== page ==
After chowing down, dancing takes place. Weddings typically have fast, loud dances, especially jigs and reels. Friends and family sing and play instruments, or hire a band to make an appearance. Snacks and more alcohol is continually poured throughout the night. At some point, the exhausted bride and groom usually sneak off and let their merry guests make fools of themselves.

Finances, Divorce, and Other Topics

Finances and Property

In Themble, female and male creatures are seen as equal under the law. Once married, the couple shares ownership of all finances and property. Sometimes monarchs have different legal marriage contracts for finances, to retain stronger control of their finances.

Inheritance is typically split evenly among children once the parents pass away, depending on the will.


Divorce is uncommon in Themble. It is generally frowned upon, even if for a good reason. In order to get an annulment, a couple has to go to a courthouse, most likely in a city. A couple has to be married for at least six months before filing for a divorce except in extreme reasons.

There are two forms of divorce in Themble:

Two-Sided Annulment

Both spouses agree for divorce. This generally takes a few months to complete, due to the splitting of finances and property, which varies depending on the agreement. Typically finances and property is split 50/50. However, if the marriage less than five years old, finances and property are split into a percentage equal to what the couple had before they were married.

For example, a mare originally had 75 gold aunders and a stallion had 25 aunders before they were married and their finances combined. That means, out of the 100 aunders they had together, 75% of it had originally been the mare’s, and 25% of it had been the stallion’s. If in four years, they decided to get divorced, but their net worth was now 300 aunders, then the mare might receive 225 aunders and the stallion 75 aunders. However, it rarely is ever this easy.

One-Sided Annulment

One spouse files for divorce. This form of divorce requires a strong reason, such as domestic abuse, criminal conduct, or severe misuse of funds (such as a gambling addiction). Depending on the actions of the other spouse, as well as the legal system, this can take anywhere from a half year to multiple years depending on the investigation. For some, it is safer and easier to simply run away and adopt a new identity.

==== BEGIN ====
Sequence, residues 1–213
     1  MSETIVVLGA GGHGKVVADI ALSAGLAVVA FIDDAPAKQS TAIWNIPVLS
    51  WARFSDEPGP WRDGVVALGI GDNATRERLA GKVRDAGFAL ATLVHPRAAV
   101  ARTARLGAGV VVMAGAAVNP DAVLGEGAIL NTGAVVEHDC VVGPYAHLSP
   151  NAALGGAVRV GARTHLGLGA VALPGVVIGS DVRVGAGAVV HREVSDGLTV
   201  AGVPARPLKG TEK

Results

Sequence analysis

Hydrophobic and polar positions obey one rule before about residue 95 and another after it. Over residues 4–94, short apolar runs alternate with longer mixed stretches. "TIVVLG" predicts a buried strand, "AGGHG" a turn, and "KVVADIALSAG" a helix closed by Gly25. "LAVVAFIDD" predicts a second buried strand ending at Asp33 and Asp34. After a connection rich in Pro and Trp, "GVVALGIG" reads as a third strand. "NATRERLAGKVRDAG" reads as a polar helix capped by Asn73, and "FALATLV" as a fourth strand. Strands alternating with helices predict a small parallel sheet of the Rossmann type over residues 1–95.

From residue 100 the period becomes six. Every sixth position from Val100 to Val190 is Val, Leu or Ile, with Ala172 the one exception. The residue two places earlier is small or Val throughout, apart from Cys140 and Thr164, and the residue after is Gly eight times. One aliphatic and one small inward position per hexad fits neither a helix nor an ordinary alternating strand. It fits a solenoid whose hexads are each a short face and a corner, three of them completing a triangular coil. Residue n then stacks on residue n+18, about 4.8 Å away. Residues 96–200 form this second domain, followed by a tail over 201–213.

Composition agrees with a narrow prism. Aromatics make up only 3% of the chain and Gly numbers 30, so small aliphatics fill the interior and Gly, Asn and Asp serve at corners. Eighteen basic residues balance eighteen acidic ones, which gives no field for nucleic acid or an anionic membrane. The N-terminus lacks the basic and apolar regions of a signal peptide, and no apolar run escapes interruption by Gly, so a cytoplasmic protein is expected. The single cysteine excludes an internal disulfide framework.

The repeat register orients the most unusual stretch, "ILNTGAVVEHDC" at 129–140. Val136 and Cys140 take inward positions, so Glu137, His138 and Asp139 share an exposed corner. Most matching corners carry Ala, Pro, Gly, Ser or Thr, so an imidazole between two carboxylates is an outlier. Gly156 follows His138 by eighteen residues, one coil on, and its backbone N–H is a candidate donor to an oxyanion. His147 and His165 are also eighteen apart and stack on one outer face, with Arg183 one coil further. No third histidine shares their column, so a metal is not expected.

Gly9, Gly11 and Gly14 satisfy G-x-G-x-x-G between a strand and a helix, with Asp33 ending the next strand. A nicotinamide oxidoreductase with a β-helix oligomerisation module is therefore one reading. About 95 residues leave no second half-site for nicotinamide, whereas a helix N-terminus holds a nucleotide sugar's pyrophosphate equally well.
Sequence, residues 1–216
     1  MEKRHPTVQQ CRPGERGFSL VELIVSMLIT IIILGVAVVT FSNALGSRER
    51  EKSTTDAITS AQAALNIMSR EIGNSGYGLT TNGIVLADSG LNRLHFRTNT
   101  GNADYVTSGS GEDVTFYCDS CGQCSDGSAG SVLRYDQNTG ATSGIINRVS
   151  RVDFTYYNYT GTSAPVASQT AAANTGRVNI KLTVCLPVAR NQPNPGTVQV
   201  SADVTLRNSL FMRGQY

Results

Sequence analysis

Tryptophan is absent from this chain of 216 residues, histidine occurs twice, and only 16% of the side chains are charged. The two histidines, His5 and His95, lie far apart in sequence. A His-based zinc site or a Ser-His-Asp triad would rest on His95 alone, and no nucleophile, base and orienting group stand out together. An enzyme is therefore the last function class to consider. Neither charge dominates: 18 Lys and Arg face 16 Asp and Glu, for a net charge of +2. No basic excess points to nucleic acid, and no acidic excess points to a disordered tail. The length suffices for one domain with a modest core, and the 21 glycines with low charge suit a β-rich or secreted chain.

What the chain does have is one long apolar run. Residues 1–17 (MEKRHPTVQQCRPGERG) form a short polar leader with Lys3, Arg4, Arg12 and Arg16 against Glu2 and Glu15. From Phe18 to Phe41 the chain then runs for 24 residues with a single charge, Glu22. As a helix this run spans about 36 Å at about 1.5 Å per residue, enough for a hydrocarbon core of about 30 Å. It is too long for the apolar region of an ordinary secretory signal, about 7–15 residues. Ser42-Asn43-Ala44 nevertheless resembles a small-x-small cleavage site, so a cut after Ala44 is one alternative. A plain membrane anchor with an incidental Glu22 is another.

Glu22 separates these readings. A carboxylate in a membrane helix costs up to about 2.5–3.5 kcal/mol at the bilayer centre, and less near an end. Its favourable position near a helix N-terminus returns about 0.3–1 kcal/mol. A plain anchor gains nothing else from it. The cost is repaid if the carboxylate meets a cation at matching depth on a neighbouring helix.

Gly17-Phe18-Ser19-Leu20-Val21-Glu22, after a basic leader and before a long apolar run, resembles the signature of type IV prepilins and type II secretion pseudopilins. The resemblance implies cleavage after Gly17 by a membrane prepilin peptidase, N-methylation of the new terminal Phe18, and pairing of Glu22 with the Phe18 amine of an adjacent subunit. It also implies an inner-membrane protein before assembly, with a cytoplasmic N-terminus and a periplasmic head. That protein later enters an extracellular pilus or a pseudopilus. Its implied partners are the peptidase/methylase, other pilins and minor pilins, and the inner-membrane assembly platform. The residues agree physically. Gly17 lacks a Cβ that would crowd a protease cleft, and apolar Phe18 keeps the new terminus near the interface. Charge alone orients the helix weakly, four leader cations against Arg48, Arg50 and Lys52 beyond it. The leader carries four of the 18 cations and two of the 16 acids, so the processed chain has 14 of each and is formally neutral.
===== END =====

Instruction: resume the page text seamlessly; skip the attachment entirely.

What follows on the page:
Marriage for Monarchs

It is always a political hassle when a monarch gets married. Monarchs are encouraged to marry, not for love, but for political or financial benefit. Most monarchs end up marrying successful merchants their relations, either from the monarch’s own country or a neighboring one. The reason behind this is that it can be difficult to find a spouse of equal position who is the same species and the opposite sex.

The spouse of the monarch is called the consort. For instance, the Consort of the King, or Queen Consort.

If a monarch doesn’t marry or doesn’t have children, then traditionally they choose and train their own successor over a period of years. Depending on the successor and the ambitions of the court, this is either honored once the monarch dies, or the successor is killed or exiled and another takes the throne. This sometimes leads to civil war.

Notably, the Black King has refused to get married in the nine years he has ruled, despite early pressure. His reasons for not getting married are not publicly known.

Marriage for Cousins and Widows

In Themble, a creature can court and marry their first and second cousins, but this is uncommon.

Widows and widowers are able to get married one year after their spouse has died. It is usually encouraged for them to remarry, even if only for companionship.

Marriage and Other Sexualities

One thing to note is that Themble has no current concept of other sexualities beyond heterosexuality. It is a society that puts a lot of pressure on getting married and having a lot of children. Because of this, homosexuality and such is considered to be a weird rumor, a myth, and is generally met with confusion, and sometimes hatred and fear for challenging social norms.

The Raviekan religion says that any living being has a piece of Ravieka in them, Fey, mundane, civilized, and plant, and that each should be respected. Because the religion is more of a mythos on how the world was created, and a philosophy on how to live, it is not generally used as an argument against other sexualities except by those who twist its message or lie.

In contrast to Themble society, the Fey have a very fluid concept of sexuality.